The similarity in the responses of HDAC5 and HDAC9 mutant mice to cardiac stresses suggested that these HDACs played similar roles in the control of cardiac growth. To explore the extent of their functional overlap, we generated compound HDAC5/HDAC9 mutant mice by interbreeding heterozygous mutants. The genotypes of offspring are shown in Table Table1.1. Mice homozygous for either null allele and heterozygous for the other were viable and showed mild cardiac hypertrophy (Fig. (Fig.6A6A and data not shown). In contrast, HDAC5/HDAC9 double null offspring in the mixed C57BL6/129 genetic background were underrepresented at postnatal day 7 and showed severe growth retardation (Fig. (Fig.6A6A and Table Table1).1). The few double mutants that survived to adulthood weighed about one-third as much as wild-type littermates.

FIG. 6.
Growth defects and cardiac abnormalities in HDAC5/HDAC9 double mutant mice. (A) One-month-old mice of the indicated genotypes are shown. The HDAC5/HDAC9 double mutant animals are severely growth retarded. (B) Hearts were dissected from the wild-type and ...
Genotypes of offspring from intercrosses of HDAC5+/− and HDAC9+/− micea

Analysis of the internal organs of double null mice that survived to 1 month of age did not reveal obvious abnormalities at either the gross organ or histological level. However, while the hearts were smaller than normal, reflecting the overall reduced size of the double mutant mice, as a fraction of overall body weight, the hearts from the double mutants were enlarged compared to those of wild-type littermates (Fig. 6B and C). Moreover, markers of cardiac hypertrophy were upregulated in the hearts of adult double mutant mice (Fig. (Fig.6D).6D). One interpretation of these findings is that the lack of HDACs 5 and 9 imposes stress on the heart, which leads to augmentation of cardiac growth. Another interpretation is that the age-dependent hypertrophy seen in mice homozygous for either the HDAC5 or HDAC9 null alleles is accelerated in the absence of both genes. We also cannot rule out the possibility that the heart is less sensitive than the rest of the body to general growth retardation resulting from the lack of HDAC5 and HDAC9.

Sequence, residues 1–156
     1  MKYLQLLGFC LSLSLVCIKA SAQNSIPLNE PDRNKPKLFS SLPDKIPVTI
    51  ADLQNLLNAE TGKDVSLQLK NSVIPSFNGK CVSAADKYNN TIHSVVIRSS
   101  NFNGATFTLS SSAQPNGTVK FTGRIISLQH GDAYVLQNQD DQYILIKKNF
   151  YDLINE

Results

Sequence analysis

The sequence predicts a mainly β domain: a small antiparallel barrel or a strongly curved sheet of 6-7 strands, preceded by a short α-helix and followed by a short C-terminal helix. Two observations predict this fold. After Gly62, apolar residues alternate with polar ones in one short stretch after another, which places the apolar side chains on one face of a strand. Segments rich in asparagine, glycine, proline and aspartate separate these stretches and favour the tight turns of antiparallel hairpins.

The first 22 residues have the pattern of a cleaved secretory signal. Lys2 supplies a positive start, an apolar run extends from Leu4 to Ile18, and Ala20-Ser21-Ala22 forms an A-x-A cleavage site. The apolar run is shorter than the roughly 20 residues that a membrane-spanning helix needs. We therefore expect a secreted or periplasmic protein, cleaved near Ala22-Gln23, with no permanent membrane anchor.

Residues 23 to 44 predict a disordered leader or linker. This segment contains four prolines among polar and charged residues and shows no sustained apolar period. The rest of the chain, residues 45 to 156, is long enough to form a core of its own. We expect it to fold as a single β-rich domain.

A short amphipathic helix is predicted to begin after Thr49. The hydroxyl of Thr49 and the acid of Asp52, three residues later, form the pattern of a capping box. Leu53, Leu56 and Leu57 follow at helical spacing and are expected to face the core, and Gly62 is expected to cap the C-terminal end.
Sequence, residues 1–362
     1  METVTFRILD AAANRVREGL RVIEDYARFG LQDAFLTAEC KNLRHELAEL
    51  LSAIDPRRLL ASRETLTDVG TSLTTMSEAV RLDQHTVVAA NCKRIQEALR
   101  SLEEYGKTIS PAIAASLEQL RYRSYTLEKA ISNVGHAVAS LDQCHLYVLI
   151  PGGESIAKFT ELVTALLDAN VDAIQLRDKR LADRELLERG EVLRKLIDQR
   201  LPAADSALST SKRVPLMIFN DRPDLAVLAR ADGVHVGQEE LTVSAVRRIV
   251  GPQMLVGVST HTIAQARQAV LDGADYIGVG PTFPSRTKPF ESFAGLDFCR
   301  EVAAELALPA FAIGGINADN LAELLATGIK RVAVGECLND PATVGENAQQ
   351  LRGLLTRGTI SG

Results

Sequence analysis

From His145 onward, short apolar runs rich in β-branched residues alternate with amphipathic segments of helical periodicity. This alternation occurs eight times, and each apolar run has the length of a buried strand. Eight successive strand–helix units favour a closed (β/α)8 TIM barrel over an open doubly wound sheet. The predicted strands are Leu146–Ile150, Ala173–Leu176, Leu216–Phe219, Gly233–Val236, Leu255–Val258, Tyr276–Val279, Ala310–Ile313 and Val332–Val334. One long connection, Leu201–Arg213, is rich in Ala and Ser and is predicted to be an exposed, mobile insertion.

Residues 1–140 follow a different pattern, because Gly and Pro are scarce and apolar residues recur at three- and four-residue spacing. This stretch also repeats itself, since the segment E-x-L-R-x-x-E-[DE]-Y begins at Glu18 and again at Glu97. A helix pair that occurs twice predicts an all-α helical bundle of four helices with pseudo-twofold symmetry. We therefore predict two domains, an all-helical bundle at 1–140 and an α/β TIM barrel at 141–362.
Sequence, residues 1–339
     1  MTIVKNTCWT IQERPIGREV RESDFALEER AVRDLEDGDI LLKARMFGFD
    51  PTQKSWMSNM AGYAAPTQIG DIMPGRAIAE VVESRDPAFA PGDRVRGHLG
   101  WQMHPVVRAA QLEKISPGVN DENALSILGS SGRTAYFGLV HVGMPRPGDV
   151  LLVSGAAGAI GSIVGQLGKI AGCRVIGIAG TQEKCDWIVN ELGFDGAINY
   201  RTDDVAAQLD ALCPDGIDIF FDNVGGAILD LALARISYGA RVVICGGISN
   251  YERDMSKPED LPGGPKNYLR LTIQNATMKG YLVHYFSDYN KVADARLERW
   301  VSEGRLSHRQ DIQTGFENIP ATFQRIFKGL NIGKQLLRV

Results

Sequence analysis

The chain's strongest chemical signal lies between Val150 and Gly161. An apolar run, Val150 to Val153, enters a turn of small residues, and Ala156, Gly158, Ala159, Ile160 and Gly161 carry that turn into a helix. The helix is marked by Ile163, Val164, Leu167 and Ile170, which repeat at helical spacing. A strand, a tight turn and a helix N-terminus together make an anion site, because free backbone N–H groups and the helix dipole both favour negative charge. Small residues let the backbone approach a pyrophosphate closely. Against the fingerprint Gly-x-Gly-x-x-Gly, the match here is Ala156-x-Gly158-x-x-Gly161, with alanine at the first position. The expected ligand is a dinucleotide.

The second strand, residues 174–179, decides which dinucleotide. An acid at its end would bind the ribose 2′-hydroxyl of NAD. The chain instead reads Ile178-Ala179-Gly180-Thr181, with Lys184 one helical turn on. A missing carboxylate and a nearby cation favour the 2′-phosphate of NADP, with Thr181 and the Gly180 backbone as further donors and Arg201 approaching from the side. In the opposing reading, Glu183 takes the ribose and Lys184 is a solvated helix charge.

The underrepresentation of HDAC5/HDAC9 double mutant mice at postnatal day 7 suggested that this genotype caused embryonic or early perinatal lethality with variable penetrance. To establish the time of death of double mutants, we determined the genotypes of litters from timed matings. Double mutants were observed at predicted Mendelian frequencies until E15.5, at which time a subset of embryos displayed hemorrhages throughout the body (Fig. (Fig.6E).6E). Thereafter, there was a gradual decline in the frequency of viable double mutants. Embryos that displayed multifocal hemorrhages at E15.5 also had ventricular septal defects and thin ventricular walls (Fig. (Fig.6F).6F). Similar defects were seen in a subset of double mutant offspring that survived to birth (Fig. (Fig.6E).6E). Overall, 77% of double mutants had ventricular septal defects and about 20% had thin-walled myocardium. However, the 12% of double mutants that survived to adulthood showed hypertrophy but no obvious cardiac malformations.